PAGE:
/ Flower and Leaf: Study reports on the eco-friendly and green synthesis of silver nanoparticles using flower and leaf extracts of T. stans. The synthesized NPs showed cytotoxical and wound healing properties on colorectal cancer cell lines. Results suggest potential use as novel medicine in chemotherapy. (69)
• Anti-Amnesic Effect / Leaves: Study evaluated a methanolic leaf extract of T. stans for anti-amnesic activity in rodent models. GC-MS analysis yielded alkaloids, flavonoids, phenolics, terpenoids, tannins, sterols, saponins, glycosides, amino acids and carbohydrates. Toxicity study showed the extract to be safe up to 2000 ng/kbw as per OECD guidelines 425. METS exhibited noteworthy enhancement in intellectual diminishing in diazepam and aluminium induced amnesic models and decreased brain
AChE and oxidant enzyme factors like TBARS, GSH, and SOD levels and moderate9 inhibitory activities in ChE's assay. Results show T. stans possess
anti-amnesic activity. (70)
• Silver Nanoparticles / Photodynamic Cytotoxic and Antibacterial Activity: Study evaluated the antioxidant, photodynamic, anticancer, and antibacterial potential of plant extracts and silver nanoparticles synthesized from dried powder of Tecoma stans and Narcissus tazetta. The application of extract and AgNPs to rhambomyosarcoma cell line showed a decreased cell viability. Both plant extracts and NPs showed significant effect against methicillin resistant S. aureus (MRSA) with MIC of the AgNPs lower than the extracts. The AgNPs have an enhancing effect on the photodynamic cytotoxic potential of the plant extracts. (72)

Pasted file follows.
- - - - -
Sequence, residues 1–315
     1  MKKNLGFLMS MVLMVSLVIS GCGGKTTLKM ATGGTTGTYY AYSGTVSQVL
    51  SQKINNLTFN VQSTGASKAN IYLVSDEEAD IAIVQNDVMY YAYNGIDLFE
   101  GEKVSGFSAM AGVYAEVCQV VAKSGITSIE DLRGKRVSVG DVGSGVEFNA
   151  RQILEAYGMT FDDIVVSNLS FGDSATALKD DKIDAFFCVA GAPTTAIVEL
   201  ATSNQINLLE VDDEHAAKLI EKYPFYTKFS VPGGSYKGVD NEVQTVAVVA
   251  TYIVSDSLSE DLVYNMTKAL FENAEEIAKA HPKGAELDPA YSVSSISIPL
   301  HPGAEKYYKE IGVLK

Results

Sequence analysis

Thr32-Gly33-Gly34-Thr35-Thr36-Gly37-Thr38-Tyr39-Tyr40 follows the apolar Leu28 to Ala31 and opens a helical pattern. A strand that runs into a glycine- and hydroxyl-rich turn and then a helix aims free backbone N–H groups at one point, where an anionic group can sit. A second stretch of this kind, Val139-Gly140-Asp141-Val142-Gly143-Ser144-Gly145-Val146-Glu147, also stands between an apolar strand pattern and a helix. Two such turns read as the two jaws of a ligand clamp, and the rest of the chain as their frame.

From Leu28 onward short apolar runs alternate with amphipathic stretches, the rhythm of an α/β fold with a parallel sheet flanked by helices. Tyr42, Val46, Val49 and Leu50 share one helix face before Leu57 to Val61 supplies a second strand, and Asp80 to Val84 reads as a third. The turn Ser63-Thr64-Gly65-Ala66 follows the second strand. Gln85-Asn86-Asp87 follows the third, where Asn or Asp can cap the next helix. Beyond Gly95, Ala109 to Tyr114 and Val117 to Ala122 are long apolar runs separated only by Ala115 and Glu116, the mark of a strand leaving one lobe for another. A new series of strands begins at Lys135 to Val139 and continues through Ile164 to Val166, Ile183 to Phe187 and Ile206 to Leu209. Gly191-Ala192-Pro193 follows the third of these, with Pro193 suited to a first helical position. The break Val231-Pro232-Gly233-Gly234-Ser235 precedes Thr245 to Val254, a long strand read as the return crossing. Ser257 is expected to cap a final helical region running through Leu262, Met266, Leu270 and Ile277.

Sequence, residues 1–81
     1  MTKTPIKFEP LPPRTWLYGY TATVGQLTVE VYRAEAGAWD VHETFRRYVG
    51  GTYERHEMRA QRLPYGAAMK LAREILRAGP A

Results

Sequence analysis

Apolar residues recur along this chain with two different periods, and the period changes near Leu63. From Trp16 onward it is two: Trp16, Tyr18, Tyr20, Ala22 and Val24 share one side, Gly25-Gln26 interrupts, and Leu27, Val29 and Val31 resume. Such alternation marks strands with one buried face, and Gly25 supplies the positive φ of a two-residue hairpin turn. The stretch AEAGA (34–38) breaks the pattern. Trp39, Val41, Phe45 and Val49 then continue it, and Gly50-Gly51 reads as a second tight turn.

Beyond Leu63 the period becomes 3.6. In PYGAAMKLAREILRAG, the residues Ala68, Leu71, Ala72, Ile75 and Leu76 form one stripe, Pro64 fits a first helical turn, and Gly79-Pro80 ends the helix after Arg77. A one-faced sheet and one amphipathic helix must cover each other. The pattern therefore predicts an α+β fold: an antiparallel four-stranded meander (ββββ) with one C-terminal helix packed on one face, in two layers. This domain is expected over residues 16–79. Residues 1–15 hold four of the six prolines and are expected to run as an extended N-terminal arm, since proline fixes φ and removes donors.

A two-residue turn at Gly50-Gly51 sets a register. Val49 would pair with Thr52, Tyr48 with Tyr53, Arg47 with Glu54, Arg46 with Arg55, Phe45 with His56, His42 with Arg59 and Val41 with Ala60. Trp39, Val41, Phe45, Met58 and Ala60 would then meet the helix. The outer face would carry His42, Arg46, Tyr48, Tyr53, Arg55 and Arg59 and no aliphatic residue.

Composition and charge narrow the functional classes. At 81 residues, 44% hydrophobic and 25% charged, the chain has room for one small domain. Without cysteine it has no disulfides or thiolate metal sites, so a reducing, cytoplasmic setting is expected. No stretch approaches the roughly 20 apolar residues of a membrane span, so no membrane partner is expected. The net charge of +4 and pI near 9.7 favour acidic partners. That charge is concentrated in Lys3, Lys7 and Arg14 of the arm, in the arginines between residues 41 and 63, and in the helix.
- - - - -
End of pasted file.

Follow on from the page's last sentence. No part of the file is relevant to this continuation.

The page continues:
• Cellulosic Fiber from Bark: Study evaluated the chemical, physical, mechanical, and thermal properties of novel cellulosic fiber extract from bark of Tecoma stans tree. Higher cellulose and lower was content in the TSF make it stronger with better interfacial adhesion. Tensile strength and Young's modulus of TSF were found comparatively higher than other natural fibers. The TS fiber showed existence of cellular structures with some serrations, which make the surface rougher with better adherence with polymer matrix. (73)
- Seeds in the cybermarket.